• NNE-striking fissures and ENE-striking dextral fractures in the cave
  • Propagation of recent sinistral strike-slips
  • first 3-D ERT survey in the incoherent sedimentary flysch rocks
  • Possible retrograde evolution of the deep-seated landslide
  • Radiocarbon dating revealed possible Late-Pleistocene age of the cave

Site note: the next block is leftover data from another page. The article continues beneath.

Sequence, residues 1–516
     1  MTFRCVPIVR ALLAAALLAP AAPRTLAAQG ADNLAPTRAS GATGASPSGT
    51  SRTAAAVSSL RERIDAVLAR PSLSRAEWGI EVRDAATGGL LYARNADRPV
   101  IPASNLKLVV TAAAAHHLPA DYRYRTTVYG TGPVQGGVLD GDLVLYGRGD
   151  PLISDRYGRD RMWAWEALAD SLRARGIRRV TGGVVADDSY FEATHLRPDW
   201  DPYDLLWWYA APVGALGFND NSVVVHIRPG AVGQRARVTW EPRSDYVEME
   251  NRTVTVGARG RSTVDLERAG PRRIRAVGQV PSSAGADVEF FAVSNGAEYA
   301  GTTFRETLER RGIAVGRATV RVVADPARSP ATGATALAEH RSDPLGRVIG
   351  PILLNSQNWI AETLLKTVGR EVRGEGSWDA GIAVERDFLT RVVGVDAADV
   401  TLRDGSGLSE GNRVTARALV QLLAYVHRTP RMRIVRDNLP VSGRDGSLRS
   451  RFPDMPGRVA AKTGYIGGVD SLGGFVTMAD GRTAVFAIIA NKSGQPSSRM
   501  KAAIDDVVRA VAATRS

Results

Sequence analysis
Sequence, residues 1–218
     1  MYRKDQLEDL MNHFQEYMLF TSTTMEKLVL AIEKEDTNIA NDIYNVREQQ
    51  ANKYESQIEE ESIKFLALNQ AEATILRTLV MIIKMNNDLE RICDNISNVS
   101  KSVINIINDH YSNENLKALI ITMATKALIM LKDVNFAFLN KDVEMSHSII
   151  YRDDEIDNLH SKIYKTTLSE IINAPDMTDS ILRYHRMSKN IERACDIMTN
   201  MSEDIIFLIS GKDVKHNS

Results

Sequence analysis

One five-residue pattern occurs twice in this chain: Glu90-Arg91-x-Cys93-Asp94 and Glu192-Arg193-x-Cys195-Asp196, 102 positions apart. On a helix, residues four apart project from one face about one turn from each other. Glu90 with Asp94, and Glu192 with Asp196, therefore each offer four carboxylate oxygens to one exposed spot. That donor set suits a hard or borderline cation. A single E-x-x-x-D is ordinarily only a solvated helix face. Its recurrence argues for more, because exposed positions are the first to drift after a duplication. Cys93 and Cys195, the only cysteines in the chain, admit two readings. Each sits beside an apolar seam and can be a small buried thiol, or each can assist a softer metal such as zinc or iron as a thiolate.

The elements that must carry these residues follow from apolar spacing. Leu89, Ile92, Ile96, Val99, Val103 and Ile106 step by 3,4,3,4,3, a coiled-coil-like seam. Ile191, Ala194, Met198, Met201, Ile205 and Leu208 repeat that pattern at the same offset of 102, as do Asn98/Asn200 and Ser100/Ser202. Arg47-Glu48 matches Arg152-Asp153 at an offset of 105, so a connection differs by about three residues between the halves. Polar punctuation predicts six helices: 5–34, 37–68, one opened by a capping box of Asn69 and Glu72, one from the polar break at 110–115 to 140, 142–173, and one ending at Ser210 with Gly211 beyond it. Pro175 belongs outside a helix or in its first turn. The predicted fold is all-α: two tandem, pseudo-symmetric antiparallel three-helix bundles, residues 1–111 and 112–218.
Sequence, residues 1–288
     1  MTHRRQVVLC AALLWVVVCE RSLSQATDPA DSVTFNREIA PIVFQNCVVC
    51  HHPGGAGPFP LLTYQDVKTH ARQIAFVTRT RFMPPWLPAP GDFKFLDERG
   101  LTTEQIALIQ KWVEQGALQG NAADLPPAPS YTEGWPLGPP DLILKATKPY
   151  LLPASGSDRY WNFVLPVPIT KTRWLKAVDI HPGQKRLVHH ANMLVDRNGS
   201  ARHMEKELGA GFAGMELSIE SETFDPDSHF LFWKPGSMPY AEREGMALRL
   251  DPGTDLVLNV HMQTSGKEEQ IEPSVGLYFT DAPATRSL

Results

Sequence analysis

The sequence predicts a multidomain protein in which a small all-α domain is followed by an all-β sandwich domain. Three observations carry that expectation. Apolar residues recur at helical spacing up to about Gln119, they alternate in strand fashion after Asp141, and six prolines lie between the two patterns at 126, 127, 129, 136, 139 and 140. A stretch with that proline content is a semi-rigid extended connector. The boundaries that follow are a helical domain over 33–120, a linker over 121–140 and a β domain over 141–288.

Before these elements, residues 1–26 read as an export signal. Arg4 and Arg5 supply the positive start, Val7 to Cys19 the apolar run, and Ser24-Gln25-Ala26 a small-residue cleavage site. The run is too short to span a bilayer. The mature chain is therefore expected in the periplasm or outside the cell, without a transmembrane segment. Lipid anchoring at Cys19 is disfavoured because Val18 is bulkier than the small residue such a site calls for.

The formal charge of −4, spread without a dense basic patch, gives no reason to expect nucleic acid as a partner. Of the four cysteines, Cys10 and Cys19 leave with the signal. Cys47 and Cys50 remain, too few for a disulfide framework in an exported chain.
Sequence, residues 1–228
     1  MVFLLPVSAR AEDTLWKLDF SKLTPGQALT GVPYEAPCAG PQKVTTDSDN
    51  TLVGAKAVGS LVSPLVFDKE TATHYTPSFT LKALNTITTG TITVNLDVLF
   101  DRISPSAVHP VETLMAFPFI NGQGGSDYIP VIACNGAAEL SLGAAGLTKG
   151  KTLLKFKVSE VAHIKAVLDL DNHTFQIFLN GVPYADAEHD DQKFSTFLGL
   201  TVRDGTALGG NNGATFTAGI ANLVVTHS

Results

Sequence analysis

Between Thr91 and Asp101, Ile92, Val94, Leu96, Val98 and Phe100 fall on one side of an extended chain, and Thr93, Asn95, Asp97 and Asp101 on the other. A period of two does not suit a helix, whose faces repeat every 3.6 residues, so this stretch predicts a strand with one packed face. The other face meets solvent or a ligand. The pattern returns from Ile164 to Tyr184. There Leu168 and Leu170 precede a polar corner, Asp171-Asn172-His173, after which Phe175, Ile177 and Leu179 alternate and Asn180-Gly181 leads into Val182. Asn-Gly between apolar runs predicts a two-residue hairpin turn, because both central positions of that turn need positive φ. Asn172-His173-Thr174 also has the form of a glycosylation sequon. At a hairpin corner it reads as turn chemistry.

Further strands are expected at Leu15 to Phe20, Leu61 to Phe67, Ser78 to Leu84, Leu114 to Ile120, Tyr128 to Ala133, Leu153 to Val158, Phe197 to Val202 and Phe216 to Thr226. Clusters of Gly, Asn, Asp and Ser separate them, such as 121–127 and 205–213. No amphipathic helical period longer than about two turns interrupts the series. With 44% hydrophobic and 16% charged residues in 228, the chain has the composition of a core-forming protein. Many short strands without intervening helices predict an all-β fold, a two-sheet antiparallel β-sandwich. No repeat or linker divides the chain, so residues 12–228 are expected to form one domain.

The Cyrilka Cave is the second longest pseudokarst cave and the longest crevice-type cave in Czechia. Developed within the headscarp area of a deep-seated landslide, the cave became a focus of scientific research in recent years when new passages were discovered. Structural analysis provided a general tectonic plan of the cave, as well as more detailed data on geometry and kinematics of the relaxed rock massif. The primary structure of NNE- to ENE-striking bedding is broken by a system of NNE-striking fissures interconnected by two continuous ENE-striking dextral fracture zones. Abundant signs of recent sinistral strike-slips within the rock massif represent a bold structural feature of the cave. Along with DEM imaging and a detailed survey of the cave, 2-D and 3-D ERT measurements completed an image of the main predispositions and revealed the internal structure of the slope deformation. These measures also detected unknown crevices above the existing headscarp, which indicate the retrograde evolution of the landslide. Methodologically, we used the 3-D electrical resistivity tomography in the incoherent sedimentary flysch rocks for the first time. Based on radiocarbon dating of the stalactite core, the minimum age of the cave is up to 19,900 ± 280 cal BP, which is the oldest age detected in the area of the Outer Flysch Carpathians so far; we thoroughly discuss further indirect evidence indicating a probable Late Pleistocene age of the cave.



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